The Republican National Committee is asking a federal court to restore the ability of national parties to raise unlimited amounts of money and to spend it to help elect state-level candidates.
The case focuses on hotly contested governor's races in New Jersey and Virginia. The 2002 McCain-Feingold campaign financing law (PL 107-155) does not allow national parties to give money directly to state candidates. The RNC wants to change that so it can expressly back the party nominee for governor, advertise and send out mailings on behalf of state or local Republican candidates and make get-out-the-vote calls.
The law also bans the parties from taking unlimited big-dollar contributions from corporations, unions and wealthy donors -- a type of donation known as "soft money" -- and the RNC wants to reverse that as well.
The case will be heard Aug. 27 by a three-judge panel of the U.S. District Court for the District of Columbia, and the ruling could be appealed straight to the Supreme Court. An RNC victory would deal a major blow to the landmark campaign finance law named for Sens. John McCain of Arizona and Russ Feingold of Wisconsin, and open the door to a more prominent role for the national parties in state-level races.
Republicans say the law violates the First Amendment by preventing national parties from helping state-level candidates.
"It is ridiculous to treat a national party or a state party as if they are only interested in federal elections," said James Bopp Jr., an Indiana lawyer representing the RNC in a lawsuit against the Federal Election Commission.
The FEC replied that Congress has repeatedly limited campaign contributions and the Supreme Court has upheld those restrictions.
Campaign watchdog groups maintain that given the close relationship between national parties and federal officeholders, deep-pocket contributors still will wield more influence in Washington if they're allowed to raise unlimited sums, even if that money is channeled to state-level contests.
"It's always hard to find a smoking gun," said Monica Youn, a lawyer for the Brennan Center for Justice at New York University's Law School, which is representing Common Cause, League of Women Voters and the U.S. Public Interest Research Group.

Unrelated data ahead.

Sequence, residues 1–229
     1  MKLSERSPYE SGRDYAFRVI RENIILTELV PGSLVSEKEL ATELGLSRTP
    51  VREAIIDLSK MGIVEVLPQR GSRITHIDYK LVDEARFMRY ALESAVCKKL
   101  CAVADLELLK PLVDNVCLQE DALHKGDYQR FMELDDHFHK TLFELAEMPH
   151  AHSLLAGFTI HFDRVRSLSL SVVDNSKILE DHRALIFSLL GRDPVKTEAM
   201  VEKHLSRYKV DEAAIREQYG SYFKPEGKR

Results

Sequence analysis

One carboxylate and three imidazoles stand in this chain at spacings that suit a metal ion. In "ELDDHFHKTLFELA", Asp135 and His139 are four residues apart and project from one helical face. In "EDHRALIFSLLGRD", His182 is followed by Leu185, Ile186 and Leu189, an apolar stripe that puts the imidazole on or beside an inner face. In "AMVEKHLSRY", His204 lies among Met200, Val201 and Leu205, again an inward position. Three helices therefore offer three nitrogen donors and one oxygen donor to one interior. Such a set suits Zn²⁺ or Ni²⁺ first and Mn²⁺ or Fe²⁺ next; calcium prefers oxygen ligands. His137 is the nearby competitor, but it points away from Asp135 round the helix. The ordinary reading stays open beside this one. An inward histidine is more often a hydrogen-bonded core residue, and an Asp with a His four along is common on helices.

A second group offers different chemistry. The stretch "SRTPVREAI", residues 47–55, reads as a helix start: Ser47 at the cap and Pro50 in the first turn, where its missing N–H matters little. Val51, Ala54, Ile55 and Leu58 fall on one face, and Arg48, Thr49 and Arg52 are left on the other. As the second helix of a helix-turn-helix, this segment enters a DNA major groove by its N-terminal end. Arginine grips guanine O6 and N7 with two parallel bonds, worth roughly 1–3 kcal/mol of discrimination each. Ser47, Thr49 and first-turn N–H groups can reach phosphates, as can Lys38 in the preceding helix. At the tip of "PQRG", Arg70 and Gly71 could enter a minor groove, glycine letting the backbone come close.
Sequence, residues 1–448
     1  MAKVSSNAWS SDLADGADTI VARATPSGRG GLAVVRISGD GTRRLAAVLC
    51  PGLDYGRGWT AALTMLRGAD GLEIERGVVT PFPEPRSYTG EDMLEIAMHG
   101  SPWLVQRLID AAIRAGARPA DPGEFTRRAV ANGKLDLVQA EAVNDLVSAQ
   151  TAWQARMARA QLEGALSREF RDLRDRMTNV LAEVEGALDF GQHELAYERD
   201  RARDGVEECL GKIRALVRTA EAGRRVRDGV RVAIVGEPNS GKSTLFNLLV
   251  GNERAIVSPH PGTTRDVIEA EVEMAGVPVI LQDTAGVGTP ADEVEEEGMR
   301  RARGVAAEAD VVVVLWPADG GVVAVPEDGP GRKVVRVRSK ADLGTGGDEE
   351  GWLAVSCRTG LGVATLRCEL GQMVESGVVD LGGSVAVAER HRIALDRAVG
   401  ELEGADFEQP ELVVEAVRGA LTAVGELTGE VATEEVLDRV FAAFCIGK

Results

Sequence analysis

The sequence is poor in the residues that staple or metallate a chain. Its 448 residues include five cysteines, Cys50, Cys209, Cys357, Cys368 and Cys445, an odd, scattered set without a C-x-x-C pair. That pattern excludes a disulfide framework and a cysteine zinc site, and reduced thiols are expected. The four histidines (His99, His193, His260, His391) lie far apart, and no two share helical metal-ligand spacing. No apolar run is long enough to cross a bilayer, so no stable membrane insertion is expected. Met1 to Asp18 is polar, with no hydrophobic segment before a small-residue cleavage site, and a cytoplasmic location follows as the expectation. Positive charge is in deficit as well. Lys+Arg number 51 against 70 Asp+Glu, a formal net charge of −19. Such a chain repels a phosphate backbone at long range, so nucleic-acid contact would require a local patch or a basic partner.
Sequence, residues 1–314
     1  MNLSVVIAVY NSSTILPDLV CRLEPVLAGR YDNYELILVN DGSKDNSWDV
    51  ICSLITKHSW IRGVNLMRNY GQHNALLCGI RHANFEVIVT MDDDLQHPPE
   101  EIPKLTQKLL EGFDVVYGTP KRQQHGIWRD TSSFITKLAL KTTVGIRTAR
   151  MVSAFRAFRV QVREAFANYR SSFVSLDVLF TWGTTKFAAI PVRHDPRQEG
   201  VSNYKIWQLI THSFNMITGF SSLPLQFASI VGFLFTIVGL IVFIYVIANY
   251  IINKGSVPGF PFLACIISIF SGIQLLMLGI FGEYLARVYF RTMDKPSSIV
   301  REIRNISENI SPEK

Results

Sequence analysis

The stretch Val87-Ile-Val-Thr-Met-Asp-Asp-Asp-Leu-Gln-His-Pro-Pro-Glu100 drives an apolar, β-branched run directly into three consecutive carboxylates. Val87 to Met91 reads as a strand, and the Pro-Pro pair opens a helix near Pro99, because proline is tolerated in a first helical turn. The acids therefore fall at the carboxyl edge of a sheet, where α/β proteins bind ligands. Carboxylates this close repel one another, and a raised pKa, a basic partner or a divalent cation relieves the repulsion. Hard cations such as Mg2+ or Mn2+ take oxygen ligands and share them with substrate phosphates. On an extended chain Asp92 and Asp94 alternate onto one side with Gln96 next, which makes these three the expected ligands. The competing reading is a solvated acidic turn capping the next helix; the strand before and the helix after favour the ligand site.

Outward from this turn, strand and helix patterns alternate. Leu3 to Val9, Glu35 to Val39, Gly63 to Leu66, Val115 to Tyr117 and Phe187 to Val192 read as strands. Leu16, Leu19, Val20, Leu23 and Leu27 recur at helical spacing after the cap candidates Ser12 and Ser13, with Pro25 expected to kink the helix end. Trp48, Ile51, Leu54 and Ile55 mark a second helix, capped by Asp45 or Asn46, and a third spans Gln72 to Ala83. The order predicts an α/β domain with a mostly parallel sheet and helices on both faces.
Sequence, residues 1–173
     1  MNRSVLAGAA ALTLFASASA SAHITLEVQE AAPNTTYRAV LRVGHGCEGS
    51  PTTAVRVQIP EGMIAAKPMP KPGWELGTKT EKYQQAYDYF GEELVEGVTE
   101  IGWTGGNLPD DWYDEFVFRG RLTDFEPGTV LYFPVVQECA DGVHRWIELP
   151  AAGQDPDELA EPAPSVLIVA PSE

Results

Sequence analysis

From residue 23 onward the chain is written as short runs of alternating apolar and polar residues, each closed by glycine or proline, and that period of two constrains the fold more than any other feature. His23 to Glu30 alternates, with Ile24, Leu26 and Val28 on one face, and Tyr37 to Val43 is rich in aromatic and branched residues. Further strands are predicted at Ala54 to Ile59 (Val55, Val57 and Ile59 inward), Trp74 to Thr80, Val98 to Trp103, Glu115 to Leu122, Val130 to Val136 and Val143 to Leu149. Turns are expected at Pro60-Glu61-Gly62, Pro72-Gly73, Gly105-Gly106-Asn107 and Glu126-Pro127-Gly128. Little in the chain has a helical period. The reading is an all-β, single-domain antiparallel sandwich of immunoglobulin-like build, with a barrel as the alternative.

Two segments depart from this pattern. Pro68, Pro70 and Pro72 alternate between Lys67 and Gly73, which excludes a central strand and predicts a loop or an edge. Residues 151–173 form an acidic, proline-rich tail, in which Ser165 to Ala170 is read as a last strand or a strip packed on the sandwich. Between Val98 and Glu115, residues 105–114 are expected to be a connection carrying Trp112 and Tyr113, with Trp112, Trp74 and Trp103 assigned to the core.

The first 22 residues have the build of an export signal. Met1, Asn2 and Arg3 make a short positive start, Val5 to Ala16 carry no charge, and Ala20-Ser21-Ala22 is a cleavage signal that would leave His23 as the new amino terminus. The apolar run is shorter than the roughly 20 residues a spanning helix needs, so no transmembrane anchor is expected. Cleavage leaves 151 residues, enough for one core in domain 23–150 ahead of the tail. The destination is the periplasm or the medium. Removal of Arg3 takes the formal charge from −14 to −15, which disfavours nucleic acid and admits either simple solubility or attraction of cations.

"But it's hard to say, if you're a lawmaker in a close or contested district, and someone tells you they've written a massive check to your political party that's intended to benefit you -- it's hard to say that that doesn't influence your decision-making."
A 5-4 majority of the high court upheld the soft-money ban in 2003; the ruling arose from a case that Sen. Mitch McConnell, R-Ky., brought against the FEC to prevent limits curbs on fundraising. But some say that result could change with three new members on the high court: Chief Justice John G. Roberts Jr. and Justice Samuel A. Alito, who were nominated by President George W. Bush, and new Justice Sonia Sotomayor, chosen by President Obama.
"The answer the Supreme Court has given is that the parties are unique in that they provide unparalleled access to officeholders and party leaders and therefore raise the possibility of corruption in ways that other groups don't," said Richard L. Hasen, a professor who specializes in campaign law at Loyola Law School in Los Angeles. "But the Supreme Court is moving much more in a deregulatory direction."
'Perfect Storm' of Cases
The case is one of three pending federal cases that could significantly change corporate influence on federal campaigns.
On Sept. 9, the Supreme Court will hear arguments in Citizens United v. Federal Election Commission, a case that addresses spending by nonprofits, such as those that claim an educational or business purpose, before federal elections. A federal District Court in Louisiana has a Nov. 12 hearing in another RNC case, Cao v. FEC, which addresses contribution limits that apply when candidates coordinate spending with state and national parties.
The combination of the three cases represent a "perfect storm" that could "open the floodgates for a return to the undue influence that so troubled the Supreme Court in its McConnell decision in 2003," said Paul S. Ryan, a lawyer with the Campaign Legal Center, which is representing McCain and Feingold as interveners in the RNC case to be heard next week.
History of Contribution Limits
The McCain-Feingold law grew out of concern that big-dollar contributions gave at least the appearance of corruption. Soft money totaled nearly $500 million in 2000 before the ban.
Before McCain-Feingold, soft money was not included in a 1907 ban on corporations making contributions to any federal election, a 1947 expansion to ban contributions from unions and subsequent contribution limits because the money wasn't spent advocating for specific federal candidates.
"Federal candidates, although prohibited by law from receiving soft money, directly solicited soft-money donations to their own national and state parties, and these candidates provided lucrative benefits and access to the highest government officials in exchange for the largest donations," the FEC's general counsel, Thomasenia P. Duncan, said in her written argument to the court.
"Given this close connection and alignment of interests, large soft-money contributions to national parties are likely to create actual or apparent indebtedness on the part of federal officeholders, regardless of how those funds are ultimately used," the Supreme Court said in upholding the soft-money ban.
But to those who worry about poking holes in the law, Bopp replied: "Freedom is not loophole."
Senate Minority Leader Mitch McConnell, R-Ky., carries a musket on stage as he speaks during the American Conservative Union's Conservative Political Action Conference (CPAC) at National Harbor, Md., on Thursday March 6, 2014.